Hypertufa Project Design file
Hypertufa is a lightweight cement mix that makes it simple to make your own plant containers and projects. Once you begin, you’ll find more and more ideas to do the dress up the garden and the best thing about this hypertufa is that they begin to age and look very rustic and natural in the garden. See these fabulous ideas and learn a few tips to make your own.
Ideas, from simple to sensational!
Jenny made her trough in a plastic tub, you know, like a dishpan or maybe a hospital wash tub that you always get. You pack in the hypertufa mix about two inches thick and let the whole thing dry overnight. Unmold carefully the next day and let it cure for a week before planting. This containers will be much lighter than cement!
Anna says, “My handmade hypertufa planters. I experimented with some embellishments and acrylic paints. I used easily found molds, the 4” plastic pots, a shoebox, and a planter from the dollar store. Playing with mud is fun!
The basics of hypertufa
Hypertufa is a mix of equal parts Portland cement, perlite and sphagnum moss. Use a 1 quart container to measure and mix everything in a galvanized plastic tub. For molds, start with inexpensive container from the Dollar Store.
Anna tells us, “More variations. You can see some of the molds in the background. Anything made out of plastic will do, and can be reused many times as molds. Just simple inexpensive acrylic paints. I haven’t tried the concrete color, but I’ve been soaking some pieces in used coffee grinds.
This is one of my favorites! Once I tried several small troughs, I made this large one. I lined it with the dry cleaning bag and after a couple days it slips right out. See the texture from the crumbled bag?
“Here’s the unmolded hypertufa finished and planted. I love it! I had wanted to make something bigger this time to display on a log stump and my friend happened to bring this plant pot which I used as the mold.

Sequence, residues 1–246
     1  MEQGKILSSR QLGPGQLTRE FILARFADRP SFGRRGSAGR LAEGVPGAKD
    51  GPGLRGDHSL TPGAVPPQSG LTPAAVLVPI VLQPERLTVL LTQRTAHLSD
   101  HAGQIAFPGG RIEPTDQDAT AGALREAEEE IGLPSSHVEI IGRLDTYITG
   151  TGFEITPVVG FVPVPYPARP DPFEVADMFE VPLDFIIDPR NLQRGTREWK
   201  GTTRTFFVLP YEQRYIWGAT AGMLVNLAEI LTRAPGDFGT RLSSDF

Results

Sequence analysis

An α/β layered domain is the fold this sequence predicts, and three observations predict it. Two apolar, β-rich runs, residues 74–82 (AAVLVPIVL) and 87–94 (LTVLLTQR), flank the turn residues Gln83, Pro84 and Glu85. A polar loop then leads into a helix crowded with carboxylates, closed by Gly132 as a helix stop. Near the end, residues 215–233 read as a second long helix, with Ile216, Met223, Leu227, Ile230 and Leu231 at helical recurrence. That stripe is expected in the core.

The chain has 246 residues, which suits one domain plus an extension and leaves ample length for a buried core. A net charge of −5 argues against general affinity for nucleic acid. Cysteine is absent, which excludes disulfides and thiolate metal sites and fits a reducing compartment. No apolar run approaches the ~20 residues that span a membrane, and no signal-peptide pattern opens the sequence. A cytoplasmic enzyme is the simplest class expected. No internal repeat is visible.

When you create with hypertufa, you have some leftover each session. Time to make mushrooms!
Kathy Hardin, says This mushroom is also hypertufa…… so cute in the garden..”
Imagination run wild!
*Some of these are advanced projects that take some skill, so if you’re a beginner or want to try your first project, see the links at the end of this article.
Kandy Jones says, “These are hypertufa fountains I made using a beach ball and half of a fan cage on the big one and a deli tray top and candy container on the smaller one) Birds love ’em!”
Karen Zakaria tells us, “These are a couple hypertufa pieces I made using deflated schoolyard balls (remnants from my son’s grade school days–sigh, he’ll be a teenager in a few days). I cut a hole in the ball about 4″ in diameter. The mix was about 4 cups each: Portland cement, peat moss and perlite; and just enough water to keep the mix together.”
“I pressed the mix into the interior of the ball, then folded part of the ball in and over the lip. To keep the folded part in place, I inserted a plastic cup, weighed down by gravel. After about a week I cut the ball away from the cement, drilled a drain hole and let it sit in the shade for a couple more weeks before adding plants.”
My son is into basketball now so I can’t touch the basketballs yet; he does have quite a few tennis balls….hmmmm…”
This is really an easy project once you find your leaf! See Leafcasting the rhubarb leaf to see my first try!
Carrie Cervantes tells about her rhubarb leaf with terracotta coloring in it. She says, ” this was fun to make…made a bunch of them for my sisters and nieces.
I made a hill out in my garden of dirt and shaped it like I wanted the bowl to be shaped; covered that mound with a plastic bag and then laid my leaf on top of that. Then packed the top of the leaf with the Quikcrete added a short pvc pipe for the base of the leaf that would then be buried underground. Waited overnight and flipped it over and peeled off the leaf. Sometimes you have to use a coarse brush to get the leaf out but the result is great and if stored carefully they last for years.”
More hypertufa tips!
My friend, Cheryl, and I are making hypertufa again! Here is our work table after our last ‘play day.’ Tractor Man says all he hears is cackling out there on days like this! Yes, it loads of fun and I’ll be unmolding these later today. FUN! As usual we used our leftover mix to make tiny mushrooms!
“Here are all my hypertufa troughs filled with sedums and other succulents,…just planted the two rectangular ones. I’ll place them along my paths, maybe in the rock garden,…or just leave them here. ~~ Sue